Dear first years

11 Sep 2019

It is inevitable to make mistakes at every step of the way. If we wouldn’t, we’d stay the same without any chance of improvement. When you move out of your home’s secure bubble and dive into student life for the first time, mistakes are overly frequent. I should know, I have made some.

Now, there is probably a Bob Dylan song that could securely guide you through the feeling of being young and lost. As a matter of fact, if you want to feel a bit overdramatic, you only have to look as far as ’Like a Rolling Stone’ to get a sufficient soundtrack to your messy life. But even if his songs can guide you through hard times and even if we probably all sometimes feel like him during the ’We Are the World’ recordings, most people in the world are not Bob Dylan.

The average lost person can’t turn their experiences into a song like Bob Dylan or Paul Simon or Johnny Cash could. We have to live through our daily struggles without ever being able to write a proper folk or country song about them. And that’s okay.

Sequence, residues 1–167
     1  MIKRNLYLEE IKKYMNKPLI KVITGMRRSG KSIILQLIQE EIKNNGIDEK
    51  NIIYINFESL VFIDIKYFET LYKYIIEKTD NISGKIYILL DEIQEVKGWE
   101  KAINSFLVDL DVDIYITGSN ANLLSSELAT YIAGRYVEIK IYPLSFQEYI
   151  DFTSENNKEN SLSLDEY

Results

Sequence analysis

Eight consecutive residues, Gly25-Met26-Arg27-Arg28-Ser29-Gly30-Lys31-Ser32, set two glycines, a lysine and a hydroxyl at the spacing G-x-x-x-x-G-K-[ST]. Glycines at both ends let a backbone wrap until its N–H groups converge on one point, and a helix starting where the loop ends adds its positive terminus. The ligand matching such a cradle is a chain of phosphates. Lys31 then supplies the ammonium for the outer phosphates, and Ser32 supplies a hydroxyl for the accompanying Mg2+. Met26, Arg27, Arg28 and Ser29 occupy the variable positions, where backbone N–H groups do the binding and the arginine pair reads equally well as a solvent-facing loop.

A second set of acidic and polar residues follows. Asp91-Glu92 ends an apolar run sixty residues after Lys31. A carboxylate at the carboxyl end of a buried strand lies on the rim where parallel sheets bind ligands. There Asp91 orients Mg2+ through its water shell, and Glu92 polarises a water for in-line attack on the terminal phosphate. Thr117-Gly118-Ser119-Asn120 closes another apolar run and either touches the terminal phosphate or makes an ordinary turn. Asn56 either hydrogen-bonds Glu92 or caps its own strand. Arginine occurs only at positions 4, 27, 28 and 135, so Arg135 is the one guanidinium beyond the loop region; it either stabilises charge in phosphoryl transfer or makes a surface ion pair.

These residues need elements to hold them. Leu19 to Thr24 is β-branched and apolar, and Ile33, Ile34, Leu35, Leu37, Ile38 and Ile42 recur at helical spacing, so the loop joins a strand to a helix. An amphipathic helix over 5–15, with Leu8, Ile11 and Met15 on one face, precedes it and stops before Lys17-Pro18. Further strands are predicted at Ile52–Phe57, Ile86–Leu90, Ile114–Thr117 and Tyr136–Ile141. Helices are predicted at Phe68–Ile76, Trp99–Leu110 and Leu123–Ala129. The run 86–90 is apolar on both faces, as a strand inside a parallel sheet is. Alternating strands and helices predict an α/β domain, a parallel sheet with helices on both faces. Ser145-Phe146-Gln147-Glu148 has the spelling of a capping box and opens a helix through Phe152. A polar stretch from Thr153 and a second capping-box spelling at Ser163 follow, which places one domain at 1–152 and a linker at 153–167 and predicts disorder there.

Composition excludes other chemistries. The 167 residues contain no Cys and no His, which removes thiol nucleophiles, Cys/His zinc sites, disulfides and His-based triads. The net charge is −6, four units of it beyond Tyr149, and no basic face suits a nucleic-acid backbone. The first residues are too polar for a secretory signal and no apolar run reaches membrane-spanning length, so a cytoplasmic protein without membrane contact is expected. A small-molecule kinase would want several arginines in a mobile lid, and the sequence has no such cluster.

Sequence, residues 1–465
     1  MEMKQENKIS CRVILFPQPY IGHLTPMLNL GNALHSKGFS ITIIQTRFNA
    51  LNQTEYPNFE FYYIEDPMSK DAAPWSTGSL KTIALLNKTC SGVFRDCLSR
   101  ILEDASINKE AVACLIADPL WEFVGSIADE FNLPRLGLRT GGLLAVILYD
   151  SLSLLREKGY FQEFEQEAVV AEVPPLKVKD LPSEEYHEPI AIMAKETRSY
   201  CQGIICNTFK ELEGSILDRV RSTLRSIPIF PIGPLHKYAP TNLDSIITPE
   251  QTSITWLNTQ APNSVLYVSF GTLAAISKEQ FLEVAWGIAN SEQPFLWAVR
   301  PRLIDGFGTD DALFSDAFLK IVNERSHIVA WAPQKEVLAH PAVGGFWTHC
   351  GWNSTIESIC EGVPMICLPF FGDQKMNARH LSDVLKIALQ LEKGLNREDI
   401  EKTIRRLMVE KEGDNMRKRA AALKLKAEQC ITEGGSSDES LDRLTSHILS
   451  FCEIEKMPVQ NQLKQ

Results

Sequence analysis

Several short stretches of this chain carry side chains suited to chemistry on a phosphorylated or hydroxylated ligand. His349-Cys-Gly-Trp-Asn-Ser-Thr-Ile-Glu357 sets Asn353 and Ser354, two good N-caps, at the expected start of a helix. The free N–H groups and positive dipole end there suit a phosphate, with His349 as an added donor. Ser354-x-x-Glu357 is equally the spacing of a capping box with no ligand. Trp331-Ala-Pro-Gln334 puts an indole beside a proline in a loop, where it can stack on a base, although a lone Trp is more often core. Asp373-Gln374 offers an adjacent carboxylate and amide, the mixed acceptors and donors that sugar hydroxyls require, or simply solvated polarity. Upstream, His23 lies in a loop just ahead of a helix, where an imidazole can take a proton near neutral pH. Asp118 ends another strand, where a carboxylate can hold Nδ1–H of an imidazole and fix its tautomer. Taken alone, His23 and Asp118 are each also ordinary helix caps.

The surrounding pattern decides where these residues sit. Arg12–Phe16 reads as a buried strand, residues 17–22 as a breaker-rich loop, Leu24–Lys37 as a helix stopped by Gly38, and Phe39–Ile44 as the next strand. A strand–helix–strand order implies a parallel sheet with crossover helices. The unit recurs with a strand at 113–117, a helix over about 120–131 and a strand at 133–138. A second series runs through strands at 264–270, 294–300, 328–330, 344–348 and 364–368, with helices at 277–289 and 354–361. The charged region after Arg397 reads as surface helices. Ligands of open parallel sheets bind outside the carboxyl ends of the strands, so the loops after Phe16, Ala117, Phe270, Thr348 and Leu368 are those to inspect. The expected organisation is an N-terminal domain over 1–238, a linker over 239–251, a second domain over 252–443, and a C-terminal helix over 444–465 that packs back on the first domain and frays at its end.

The beauty of art is that it’s not limited to the feelings of a single person. Everyone can find personal meaning in a book, a song or a painting — whether it meant the same to its creator or not. Art, in this sense, both connects and divides us. Because while we can all feel something looking at the same object, it is rare if not impossible that two people ever feel the same.

Advice and mistakes work in a similar way. While two people can receive the same advice or make the same mistakes, it is unlikely that they learn the same lessons. So while I and virtually anyone else who lived through the highs and lows of early adulthood can tell you about it, you still have to experience them yourself. Make your own mistakes and learn from them, even if it hurts. That’s normal — and you can’t run away from it.

Don’t be scared about getting lost. Generations of young people have lived through their personal experience of being lost and have found shelter in the same Dylan songs. They have made it out alive — not despite their mistakes, but because they learned from them. And so will you.

Every two weeks, Antonia will add the songs she writes about to the Spotify playlist below. This way, she creates a soundtrack to her time in Nijmegen. Click left and right for more songs.

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